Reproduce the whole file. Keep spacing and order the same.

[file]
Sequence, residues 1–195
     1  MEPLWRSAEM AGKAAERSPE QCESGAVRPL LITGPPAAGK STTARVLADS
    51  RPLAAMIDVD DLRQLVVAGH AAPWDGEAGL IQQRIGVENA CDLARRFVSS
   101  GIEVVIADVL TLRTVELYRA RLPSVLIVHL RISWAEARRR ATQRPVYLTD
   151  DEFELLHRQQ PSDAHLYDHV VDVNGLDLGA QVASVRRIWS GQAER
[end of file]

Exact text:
Sequence, residues 1–195
     1  MEPLWRSAEM AGKAAERSPE QCESGAVRPL LITGPPAAGK STTARVLADS
    51  RPLAAMIDVD DLRQLVVAGH AAPWDGEAGL IQQRIGVENA CDLARRFVSS
   101  GIEVVIADVL TLRTVELYRA RLPSVLIVHL RISWAEARRR ATQRPVYLTD
   151  DEFELLHRQQ PSDAHLYDHV VDVNGLDLGA QVASVRRIWS GQAER